remove the road block to change. Today organizations that foster these changes will find that

they are completive, increase their shareholder value and have a productive workforce.

Moreover, there leaders must communicate, lead by example, and have problem solving skills. It

also must have a workforce that can solve every day challenges at its lowest functional level. A

true agile organization will have a workforce that can change with any demanding change in its

business environment. Its workforce must be able to identify process improvements through

continuous improvement events, six sigma and quality process improvements and become

proactive and not reactive.

Workforce Agility

It can be said that in order to have an agile organization there must be an agile

workforce. Human resources will be the main driver in establishing this agile workforce.

However, before indentifying what makes up an agile workforce an attempt will be made to

define workforce agility. With previous definition of agility and organizational agility a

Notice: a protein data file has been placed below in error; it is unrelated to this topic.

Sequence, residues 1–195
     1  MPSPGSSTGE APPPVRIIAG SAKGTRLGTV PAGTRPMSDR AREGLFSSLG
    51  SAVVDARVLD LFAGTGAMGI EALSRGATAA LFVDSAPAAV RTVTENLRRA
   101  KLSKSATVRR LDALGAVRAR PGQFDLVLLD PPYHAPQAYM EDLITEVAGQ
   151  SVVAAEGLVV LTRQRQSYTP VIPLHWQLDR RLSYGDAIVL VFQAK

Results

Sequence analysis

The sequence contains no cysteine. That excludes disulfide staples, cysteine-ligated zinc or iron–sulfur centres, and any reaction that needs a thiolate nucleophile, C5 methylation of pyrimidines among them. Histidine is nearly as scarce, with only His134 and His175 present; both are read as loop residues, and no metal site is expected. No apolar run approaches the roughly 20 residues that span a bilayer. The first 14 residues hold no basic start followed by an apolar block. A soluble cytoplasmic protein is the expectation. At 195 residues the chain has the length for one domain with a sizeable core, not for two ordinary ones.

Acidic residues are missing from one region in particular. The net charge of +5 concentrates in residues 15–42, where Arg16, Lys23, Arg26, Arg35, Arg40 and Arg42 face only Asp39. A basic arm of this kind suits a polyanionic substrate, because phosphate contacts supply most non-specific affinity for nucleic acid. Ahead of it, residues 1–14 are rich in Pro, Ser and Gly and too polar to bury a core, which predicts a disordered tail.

suggestion of a definition of workforce agility can be generated. An agile workforce can be


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defined as a culture or organization with a knowledge based diverse workforce that can adapt to

a changing business environment.

Now that a definition of workforce agility has been established a closer look at the

basic framework for an agile workforce will be explored. As Hopp, Tekin and Van Oyen (2002)

point out that “the main motives for pursuing workforce agility can be classified as improved

efficiency, enhanced flexibility, increased quality, and improved culture.” (p. 17). To accomplish

this human resource must build a workforce that is flexible, must have a diverse business and

technically knowledgeable workforce in all areas of business, be able to troubleshoot day to day

problems, and be cost effective and completive. So how does HR accomplish such a tall order?

First HR must establish a plan by analyzing it current workforce, by doing so this

will establish a base line of what currently is in place; the old adage, plan the work and work the

plan would fit here. It also establishes what is lacking or what is needed to accomplish the task or

project that demands the change. In addition, organization must analyze their corporate culture,

and establish practices and policies to facilitate it agile workforce through empowering their

employees.

Next, is the workforce ready for the change? As Hopp, Tekin and Van Oyen

(2002) suggest; does your workforce need to be flexible, what skills or skill sets, and tools are

needed and does the workforce need to be cross-trained in order to respond to business need

changes. “Cross-training is a resource that should be properly balanced by indentifying tasks that